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Here I tried to write an SQL sentence for three tables. However, I'm not sure if I write correctly. Is this SQL sentence true for three Natural Joins, is this the correct way of writing three natural joins?

SELECT C.name, P.name 
FROM client C NATURAL JOIN order O NATURAL JOIN product P 
WHERE O.date > '15.02.2011'
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What type of database are you using? (SQL Server, MySQL, etc) –  dana Feb 28 '11 at 20:55
    
old mysql server –  exculuber Feb 28 '11 at 20:55

3 Answers 3

up vote 13 down vote accepted

This is indeed the typical syntax for natural joins. However, not all databases support natural joins (for instance, I don't believe SQLServer supports it) and I don't believe there is an ANSI standard for natural join.

Note that natural joins are generally considered dangerous and something to be avoided - this is because they obscure the join relationship that a query depends on, and could result in queries whose meaning changes if the data model is altered.

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NATURAL JOINs are sadly ANSI, but I agree that they should be avoided. –  OMG Ponies Feb 28 '11 at 21:12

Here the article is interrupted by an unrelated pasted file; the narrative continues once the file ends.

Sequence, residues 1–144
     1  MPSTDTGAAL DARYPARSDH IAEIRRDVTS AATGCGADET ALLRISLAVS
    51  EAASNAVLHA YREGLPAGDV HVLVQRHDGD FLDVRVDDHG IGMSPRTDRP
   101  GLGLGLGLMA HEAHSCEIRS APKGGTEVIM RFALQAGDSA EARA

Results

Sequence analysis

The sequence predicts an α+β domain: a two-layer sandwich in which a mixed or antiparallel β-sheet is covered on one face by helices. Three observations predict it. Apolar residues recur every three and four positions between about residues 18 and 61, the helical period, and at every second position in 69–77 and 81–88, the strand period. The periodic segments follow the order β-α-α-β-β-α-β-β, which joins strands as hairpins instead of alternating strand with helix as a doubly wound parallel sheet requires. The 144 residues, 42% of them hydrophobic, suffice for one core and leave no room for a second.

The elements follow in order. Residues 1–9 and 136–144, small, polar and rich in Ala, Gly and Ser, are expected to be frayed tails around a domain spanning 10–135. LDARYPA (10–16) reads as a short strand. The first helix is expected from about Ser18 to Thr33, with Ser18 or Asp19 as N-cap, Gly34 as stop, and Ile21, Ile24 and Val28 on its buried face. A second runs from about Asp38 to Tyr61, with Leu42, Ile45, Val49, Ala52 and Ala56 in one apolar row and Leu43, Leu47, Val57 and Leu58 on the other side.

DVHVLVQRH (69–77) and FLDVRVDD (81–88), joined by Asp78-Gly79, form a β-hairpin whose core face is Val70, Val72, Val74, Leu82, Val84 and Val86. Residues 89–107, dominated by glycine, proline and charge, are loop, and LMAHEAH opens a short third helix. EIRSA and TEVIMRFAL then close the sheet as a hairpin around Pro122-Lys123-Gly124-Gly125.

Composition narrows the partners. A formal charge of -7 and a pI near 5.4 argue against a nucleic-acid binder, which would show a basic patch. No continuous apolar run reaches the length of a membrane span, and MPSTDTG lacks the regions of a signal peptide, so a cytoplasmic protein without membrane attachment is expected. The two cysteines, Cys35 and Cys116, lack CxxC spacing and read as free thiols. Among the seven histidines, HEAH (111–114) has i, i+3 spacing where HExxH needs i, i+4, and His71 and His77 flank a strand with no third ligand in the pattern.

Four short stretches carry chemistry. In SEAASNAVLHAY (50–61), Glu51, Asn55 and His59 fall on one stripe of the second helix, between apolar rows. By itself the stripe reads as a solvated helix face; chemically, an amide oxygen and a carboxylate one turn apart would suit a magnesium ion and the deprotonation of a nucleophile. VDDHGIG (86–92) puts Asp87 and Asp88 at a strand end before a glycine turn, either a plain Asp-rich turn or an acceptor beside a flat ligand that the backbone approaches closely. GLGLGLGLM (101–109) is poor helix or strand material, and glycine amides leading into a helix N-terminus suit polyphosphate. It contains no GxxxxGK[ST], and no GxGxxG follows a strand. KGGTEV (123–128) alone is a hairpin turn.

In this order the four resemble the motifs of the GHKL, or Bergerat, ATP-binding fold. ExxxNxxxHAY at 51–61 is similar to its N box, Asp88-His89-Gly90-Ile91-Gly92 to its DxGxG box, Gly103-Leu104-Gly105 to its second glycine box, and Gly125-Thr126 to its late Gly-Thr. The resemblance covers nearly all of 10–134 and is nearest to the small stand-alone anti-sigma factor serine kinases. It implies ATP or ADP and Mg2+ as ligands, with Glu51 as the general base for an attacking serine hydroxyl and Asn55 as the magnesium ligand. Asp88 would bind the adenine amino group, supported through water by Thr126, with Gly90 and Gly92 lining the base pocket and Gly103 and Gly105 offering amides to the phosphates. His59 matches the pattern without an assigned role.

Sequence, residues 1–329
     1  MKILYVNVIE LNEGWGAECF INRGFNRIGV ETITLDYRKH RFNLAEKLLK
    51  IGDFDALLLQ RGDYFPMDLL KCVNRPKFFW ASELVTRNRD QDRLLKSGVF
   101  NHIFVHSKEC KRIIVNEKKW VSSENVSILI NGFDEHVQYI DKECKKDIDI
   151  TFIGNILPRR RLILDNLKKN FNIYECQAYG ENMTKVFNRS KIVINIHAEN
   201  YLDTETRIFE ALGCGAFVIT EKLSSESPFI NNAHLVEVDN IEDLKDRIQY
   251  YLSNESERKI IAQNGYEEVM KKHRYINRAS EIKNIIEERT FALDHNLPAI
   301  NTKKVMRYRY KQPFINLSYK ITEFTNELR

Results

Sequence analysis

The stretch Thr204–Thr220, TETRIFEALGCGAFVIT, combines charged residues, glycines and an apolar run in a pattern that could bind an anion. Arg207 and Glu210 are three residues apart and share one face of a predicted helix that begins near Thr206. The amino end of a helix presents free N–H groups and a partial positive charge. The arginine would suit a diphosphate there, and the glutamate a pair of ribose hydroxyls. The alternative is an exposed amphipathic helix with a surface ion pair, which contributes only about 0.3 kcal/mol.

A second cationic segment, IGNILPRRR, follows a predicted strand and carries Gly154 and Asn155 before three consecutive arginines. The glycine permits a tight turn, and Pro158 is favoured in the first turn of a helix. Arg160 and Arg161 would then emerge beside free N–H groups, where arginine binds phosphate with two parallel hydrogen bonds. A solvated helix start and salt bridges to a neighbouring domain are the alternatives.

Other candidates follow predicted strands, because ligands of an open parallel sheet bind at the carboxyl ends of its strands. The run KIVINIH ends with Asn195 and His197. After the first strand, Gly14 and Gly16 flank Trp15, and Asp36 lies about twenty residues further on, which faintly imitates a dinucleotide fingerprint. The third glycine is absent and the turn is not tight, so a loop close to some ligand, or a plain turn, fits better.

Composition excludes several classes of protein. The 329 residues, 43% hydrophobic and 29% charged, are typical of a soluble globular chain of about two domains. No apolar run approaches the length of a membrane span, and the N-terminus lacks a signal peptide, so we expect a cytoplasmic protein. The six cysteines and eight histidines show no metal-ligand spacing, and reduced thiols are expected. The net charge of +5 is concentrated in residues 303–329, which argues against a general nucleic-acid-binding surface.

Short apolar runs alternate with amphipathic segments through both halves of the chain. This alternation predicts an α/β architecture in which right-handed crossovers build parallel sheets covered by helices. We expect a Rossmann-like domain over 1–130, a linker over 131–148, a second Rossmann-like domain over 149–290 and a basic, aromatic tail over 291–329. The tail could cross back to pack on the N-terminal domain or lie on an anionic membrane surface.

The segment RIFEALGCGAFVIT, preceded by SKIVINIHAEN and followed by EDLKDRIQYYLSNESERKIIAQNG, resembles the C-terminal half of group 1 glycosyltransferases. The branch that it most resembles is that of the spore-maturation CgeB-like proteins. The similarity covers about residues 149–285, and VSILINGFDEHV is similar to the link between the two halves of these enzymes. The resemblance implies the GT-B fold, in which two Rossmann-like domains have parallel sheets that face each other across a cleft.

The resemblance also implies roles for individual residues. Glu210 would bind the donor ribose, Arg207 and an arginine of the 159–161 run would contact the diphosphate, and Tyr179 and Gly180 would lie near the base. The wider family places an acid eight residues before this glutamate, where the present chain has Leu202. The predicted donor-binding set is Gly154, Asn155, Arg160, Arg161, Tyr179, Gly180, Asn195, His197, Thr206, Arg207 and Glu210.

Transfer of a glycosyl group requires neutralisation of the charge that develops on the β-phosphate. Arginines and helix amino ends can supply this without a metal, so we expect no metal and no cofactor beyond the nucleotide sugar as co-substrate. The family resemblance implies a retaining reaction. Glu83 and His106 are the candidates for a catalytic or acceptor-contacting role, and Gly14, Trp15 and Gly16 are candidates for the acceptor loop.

+1: Agreed, (imho) logic should explicit and not implicit. As such, use INNER JOIN instead. –  MatBailie Feb 28 '11 at 21:14
7  
NAUTRAL JOIN is valid SQL-92 syntax. In a truly relational DBMS NATURAL JOIN is the only join you need. Any tool is dangerous in the wrong hands. –  onedaywhen Mar 1 '11 at 8:47
1  
@onedaywhen The last statement of your comment should be read in Morgan Freeman's voice. –  Mindwin Feb 12 at 15:07

using this syntax is considered dangerous as it was already mentioned. Consider the following example: T1(id, name, age) T2(id, age, city)

SELECT T1.id, T1.name, T1.age, T2.age
FROM T1 NATURAL JOIN T2

Which column should be used for join? id or age? It is not defined. Every vendor can implement his own way to solving such problems.

Instead of this syntax, consider using traditional join syntax:

SELECT T1.....
FROM T1 INNER JOIN T2 on T1.id=T2.id
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Have you addressed the question? Proper implementation of NATURAL JOIN by a vendor should promote better schema design. Yours is a straw man argument. Your INNER JOIN syntax is SQL-92 (as is NATURAL JOIN). I would consider the "traditional" equivalent join syntax to be FROM T1, T2 WHERE T1.id = T2.id. –  onedaywhen Mar 1 '11 at 8:49
    
Although NATURAL JOIN is standard in SQL-92, Some vendors of leading DBMS's don't support it. Using your "traditional" syntax isn't as common as mine. I should write "common", instead of "traditional" to describe what I meant. –  Marcin Krupowicz Mar 1 '11 at 9:51

To check syntax when your SQL product of choice does not support it, use the Mimer SQL-92 validator. You should discover that order and date are reserved words. Change them to my_order and my_date respectively and you will then discover yours is valid Transitional SQL-92 syntax.

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